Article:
China congratulates Joe Biden on Presidential victory, yet few US policy changes reported
|Why hasn’t China congratulated Joe Biden as President elected?|
|Joe Biden becomes the hottest topic on Chinese social media platforms|
|World leaders congratulate Joe Biden for election victory|
|Analysts say it is uncertain if US-China relations will improve under a Biden administration (Photo: EPA)|
China's congratulatory message to Joe Biden
According to The Guardian, on Friday, nearly a week after Biden was declared the winner, foreign ministry spokesman Wang Wenbin commended the Democratic candidate and his running mate, Kamala Harris.
|“We express our congratulations to Mr. Biden and Ms. Harris,” Wang Wenbin, a spokesman for China’s Ministry of Foreign Affairs, said at a daily news conference, referring to Vice President-elect Kamala Harris. “We respect the choice of the American people. We understand the results of the US election will be determined according to US laws and procedures.”|
The comments stand in contrast to when the Chinese leader, Xi Jinping, personally congratulated Trump on his 2016 win the day after the election, and highlight uncertainty in ties between the two global powers.
Observers say the delay is probably the result of Beijing treading with caution as Trump refuses to concede the election. The US-China relationship has reached its lowest point in decades and there appears to be tentative optimism that tensions will ease slightly under a new administration.
Shortly after Biden’s win following days of ballot counting in several swing states, numerous US allies offered congratulations, while the leaders of China and Russia were among conspicuous holdouts.
In 2016, Chinese President Xi Jinping sent congratulations to Trump on November 9, a day after the election, Al Jazeera said.
Few changes in US policy
|As reported by AP, political analysts expect Biden to try to resume cooperation with Beijing on climate change, North Korea, Iran and the coronavirus. And they say Biden might pursue a more traditional, predictable policy toward China. |
However, economists and political analysts expect few big changes due to widespread frustration with Beijing’s trade and human rights record and accusations of spying and technology theft.
“A tough stance on China has broad support across the U.S. political spectrum,” Louis Kuijs of Oxford Economics said in a report this week. “Biden’s own pronouncements and policy program suggest he will continue to try to maintain the U.S. technological lead and to attract manufacturing activity.”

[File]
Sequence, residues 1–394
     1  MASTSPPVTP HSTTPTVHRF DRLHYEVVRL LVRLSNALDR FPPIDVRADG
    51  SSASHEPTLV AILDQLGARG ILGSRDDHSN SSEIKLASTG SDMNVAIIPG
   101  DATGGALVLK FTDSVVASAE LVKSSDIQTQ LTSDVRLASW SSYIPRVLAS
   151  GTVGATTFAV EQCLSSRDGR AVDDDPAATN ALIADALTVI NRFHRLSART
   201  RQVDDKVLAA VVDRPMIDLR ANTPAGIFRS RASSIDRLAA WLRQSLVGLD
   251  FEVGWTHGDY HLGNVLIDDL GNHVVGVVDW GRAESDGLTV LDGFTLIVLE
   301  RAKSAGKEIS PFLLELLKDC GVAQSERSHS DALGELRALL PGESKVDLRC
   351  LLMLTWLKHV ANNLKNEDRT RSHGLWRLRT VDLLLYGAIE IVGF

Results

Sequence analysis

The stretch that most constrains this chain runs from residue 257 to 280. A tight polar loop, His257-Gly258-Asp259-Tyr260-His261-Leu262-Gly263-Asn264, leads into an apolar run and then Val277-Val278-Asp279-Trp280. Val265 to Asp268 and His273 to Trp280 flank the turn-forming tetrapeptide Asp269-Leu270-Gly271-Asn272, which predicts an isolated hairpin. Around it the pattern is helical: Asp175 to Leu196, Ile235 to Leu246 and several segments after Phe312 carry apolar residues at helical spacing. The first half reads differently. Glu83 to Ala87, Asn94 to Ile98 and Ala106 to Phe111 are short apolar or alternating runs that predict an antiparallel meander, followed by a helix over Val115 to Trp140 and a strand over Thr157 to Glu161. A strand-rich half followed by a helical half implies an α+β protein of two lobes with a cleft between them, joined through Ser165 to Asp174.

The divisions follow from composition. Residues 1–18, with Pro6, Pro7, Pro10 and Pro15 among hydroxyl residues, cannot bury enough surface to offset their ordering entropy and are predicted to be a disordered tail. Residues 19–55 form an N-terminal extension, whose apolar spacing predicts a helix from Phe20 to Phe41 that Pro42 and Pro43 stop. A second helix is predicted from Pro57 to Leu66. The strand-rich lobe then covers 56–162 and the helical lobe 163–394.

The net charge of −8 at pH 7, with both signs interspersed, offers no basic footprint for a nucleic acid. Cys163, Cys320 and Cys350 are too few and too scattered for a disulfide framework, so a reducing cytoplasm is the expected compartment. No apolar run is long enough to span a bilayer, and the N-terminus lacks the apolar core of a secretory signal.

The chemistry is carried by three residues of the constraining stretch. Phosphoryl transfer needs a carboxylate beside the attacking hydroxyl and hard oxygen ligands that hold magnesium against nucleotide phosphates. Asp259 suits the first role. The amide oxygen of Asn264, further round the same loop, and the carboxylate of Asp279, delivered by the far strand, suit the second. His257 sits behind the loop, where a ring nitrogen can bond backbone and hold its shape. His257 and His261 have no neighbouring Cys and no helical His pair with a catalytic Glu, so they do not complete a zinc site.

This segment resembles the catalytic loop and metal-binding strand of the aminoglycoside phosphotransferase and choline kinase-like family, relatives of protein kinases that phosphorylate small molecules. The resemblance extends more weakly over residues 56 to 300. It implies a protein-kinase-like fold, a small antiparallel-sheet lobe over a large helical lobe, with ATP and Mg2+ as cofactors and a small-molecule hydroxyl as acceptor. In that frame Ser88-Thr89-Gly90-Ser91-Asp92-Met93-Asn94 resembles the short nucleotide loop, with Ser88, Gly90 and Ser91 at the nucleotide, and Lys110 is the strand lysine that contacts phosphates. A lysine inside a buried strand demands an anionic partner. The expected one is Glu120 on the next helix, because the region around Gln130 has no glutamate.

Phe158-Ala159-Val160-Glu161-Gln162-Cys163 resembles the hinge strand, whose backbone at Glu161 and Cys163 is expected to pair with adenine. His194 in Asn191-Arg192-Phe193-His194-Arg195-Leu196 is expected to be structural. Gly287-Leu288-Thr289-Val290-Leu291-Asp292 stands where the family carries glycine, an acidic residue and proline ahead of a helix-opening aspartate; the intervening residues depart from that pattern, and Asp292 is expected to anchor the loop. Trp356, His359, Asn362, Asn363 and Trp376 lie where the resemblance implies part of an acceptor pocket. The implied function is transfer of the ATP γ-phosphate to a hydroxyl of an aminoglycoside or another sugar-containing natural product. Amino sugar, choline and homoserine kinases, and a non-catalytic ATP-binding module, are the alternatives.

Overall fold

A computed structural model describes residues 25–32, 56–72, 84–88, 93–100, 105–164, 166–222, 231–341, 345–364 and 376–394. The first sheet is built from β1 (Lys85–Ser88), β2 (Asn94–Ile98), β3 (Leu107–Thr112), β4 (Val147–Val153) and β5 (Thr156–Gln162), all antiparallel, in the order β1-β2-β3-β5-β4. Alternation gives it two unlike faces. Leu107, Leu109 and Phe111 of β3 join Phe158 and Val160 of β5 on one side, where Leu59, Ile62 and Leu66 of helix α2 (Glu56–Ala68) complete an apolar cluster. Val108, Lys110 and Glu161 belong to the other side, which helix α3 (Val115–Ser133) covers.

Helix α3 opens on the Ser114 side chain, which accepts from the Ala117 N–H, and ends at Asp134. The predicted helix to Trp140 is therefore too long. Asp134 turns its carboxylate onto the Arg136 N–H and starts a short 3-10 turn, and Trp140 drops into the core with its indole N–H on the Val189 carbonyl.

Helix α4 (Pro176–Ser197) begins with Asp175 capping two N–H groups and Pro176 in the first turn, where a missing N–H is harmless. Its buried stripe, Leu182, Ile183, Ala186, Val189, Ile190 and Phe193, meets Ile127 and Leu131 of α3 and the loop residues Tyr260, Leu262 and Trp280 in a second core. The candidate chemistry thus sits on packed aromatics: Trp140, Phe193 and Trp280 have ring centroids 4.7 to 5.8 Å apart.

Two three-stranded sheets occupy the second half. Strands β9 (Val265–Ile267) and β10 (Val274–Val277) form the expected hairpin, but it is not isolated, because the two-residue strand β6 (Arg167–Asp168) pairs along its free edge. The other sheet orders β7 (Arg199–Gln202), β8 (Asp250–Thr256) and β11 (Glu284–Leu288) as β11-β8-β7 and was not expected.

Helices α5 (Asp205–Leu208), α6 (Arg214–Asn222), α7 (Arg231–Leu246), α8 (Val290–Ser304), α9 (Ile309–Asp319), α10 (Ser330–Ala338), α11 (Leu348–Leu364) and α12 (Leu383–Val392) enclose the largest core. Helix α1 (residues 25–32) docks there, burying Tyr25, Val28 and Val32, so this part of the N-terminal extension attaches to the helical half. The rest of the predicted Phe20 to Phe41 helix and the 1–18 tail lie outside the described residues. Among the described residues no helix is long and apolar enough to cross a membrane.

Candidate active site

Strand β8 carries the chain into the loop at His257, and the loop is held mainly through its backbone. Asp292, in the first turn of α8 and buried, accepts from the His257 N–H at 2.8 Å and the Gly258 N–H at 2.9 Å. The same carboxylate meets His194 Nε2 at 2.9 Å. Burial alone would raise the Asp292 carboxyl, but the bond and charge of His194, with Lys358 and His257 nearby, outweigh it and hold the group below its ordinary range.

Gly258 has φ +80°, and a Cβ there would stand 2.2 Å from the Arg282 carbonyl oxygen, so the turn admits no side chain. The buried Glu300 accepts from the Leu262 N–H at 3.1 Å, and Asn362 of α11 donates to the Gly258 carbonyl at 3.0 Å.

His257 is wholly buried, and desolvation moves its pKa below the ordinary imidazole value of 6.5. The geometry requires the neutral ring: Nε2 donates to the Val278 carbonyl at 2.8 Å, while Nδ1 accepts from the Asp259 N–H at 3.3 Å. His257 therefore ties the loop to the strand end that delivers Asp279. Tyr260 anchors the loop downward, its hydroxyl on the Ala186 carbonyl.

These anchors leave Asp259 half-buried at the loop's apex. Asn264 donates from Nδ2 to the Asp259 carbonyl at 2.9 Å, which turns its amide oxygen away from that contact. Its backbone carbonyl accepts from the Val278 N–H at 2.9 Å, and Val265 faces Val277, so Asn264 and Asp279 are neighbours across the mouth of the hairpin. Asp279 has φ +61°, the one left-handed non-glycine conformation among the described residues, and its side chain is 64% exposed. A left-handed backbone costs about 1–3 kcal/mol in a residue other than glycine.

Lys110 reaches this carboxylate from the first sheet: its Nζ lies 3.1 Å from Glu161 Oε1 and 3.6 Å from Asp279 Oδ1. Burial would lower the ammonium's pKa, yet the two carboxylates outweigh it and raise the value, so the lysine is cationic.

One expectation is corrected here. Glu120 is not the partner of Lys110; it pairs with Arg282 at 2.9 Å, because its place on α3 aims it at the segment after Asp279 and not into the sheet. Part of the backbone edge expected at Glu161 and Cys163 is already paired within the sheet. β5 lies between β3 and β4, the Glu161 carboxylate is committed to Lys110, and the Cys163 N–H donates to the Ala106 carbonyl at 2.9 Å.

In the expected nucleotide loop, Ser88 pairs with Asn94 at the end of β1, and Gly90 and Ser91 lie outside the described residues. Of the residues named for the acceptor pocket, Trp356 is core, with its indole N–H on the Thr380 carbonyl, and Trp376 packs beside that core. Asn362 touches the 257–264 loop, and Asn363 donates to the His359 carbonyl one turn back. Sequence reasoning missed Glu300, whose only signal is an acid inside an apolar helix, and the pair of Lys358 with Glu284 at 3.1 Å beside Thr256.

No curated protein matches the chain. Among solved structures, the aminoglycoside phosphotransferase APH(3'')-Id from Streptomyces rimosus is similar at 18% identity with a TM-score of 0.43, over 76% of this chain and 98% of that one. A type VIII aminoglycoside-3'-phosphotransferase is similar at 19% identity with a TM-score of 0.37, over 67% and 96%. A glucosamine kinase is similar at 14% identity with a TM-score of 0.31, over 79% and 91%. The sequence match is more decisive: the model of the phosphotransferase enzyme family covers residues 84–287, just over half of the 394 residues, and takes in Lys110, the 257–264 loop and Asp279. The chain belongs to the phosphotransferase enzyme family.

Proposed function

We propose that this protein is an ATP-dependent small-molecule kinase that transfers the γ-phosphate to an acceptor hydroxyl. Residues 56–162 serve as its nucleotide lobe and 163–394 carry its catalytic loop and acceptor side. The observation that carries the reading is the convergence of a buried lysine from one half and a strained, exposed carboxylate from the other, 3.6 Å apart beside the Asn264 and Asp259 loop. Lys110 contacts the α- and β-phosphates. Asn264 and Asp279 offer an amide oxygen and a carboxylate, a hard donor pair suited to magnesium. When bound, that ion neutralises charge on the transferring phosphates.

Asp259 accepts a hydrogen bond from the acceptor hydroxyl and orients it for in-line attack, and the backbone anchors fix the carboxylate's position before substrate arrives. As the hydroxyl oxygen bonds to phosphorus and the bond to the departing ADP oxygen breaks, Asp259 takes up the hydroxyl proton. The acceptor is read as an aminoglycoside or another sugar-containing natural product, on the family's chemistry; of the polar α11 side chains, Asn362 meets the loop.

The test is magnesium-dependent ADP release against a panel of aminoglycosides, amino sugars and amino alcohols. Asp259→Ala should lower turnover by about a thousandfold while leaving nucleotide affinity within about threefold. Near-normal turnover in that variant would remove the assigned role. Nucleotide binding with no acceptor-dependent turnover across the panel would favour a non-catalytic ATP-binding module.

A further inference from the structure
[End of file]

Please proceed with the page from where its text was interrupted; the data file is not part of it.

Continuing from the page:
Some forecasters suggest the change from Trump, who rejected multilateral alliances, to Biden might increase pressure on China if Washington forms a coalition with other developed countries to push for policy changes.
China has tried to recruit Germany, France, South Korea and other governments as allies against Washington but all have refused. They criticized Trump’s trade tactics of surprise tariff hikes, which also were used against allies, but echo U.S. complaints that China is violating its free-trade commitments.
A state media broadcast in Beijing on Sunday showing President-elect Joseph R. Biden Jr. delivering his victory speech. (Photo: Reuters)
Some Chinese trade experts have suggested Beijing might try to renegotiate the “Phase 1” agreement signed in January as a first step toward ending the trade war. It calls for China to increase purchases of U.S. goods in exchange for postponing further tariff hikes. But that came before the coronavirus derailed global trade, leaving China behind on meeting its commitments.
Renegotiation might fit a “more strategic, longer-term orientation” expected from a Biden administration, but he “cannot be seen to be ‘soft’ on China” after the “hard rhetoric” of the campaign, Kuijs said.
Chinese leaders were quieter during this year’s election than in the 2016 presidential race, when they favored Trump over former Secretary of State Hillary Clinton. They disliked her for carrying out then-President Barack Obama’s foreign policy, which included pressuring Beijing on human rights. Trump’s public image of business success resonated with the Chinese public.
The White House has lobbied allies to exclude telecom equipment giant Huawei Technologies Ltd., China’s first global tech brand, from next-generation telecom networks on security grounds. Huawei’s access to American components and technology was cut off over the past year, threatening to cripple its global sales.
Relations between China and the US are at their worst in decades over disputes ranging from technology and trade to Hong Kong and the coronavirus. The Trump administration has unleashed a barrage of sanctions against Beijing.
The two clashed in a bruising trade war over US demands, including greater access to China’s markets, broad reform of a business playing field that heavily favours Chinese firms, and a loosening of heavy state control by Beijing.
|(Photo: EurAsian Times)|
In January, a deal was signed between the two – bringing a partial truce that obliged Beijing to import an additional $200bn in American products over two years, ranging from cars, machinery and oil to farm products.
Trump has also turned its gun on Chinese tech firms he says pose security threats, including video-sharing app TikTok – owned by Chinese parent company Bytedance – and mobile giant Huawei.
But it is far from certain that relations will improve under a Biden administration, with the Democrat outspoken during his campaign on China’s dismal human rights record.
During a Democratic Party primary debate in February, Biden called Chinese President Xi Jinping a “thug”.
His presidential campaign has also referred to the crackdown on the Muslim Uighur minority in China’s Xinjiang as a “genocide” – a campaign Beijing defends as vocational training to counter the threat of “terrorism”, according to Al Jazeera.
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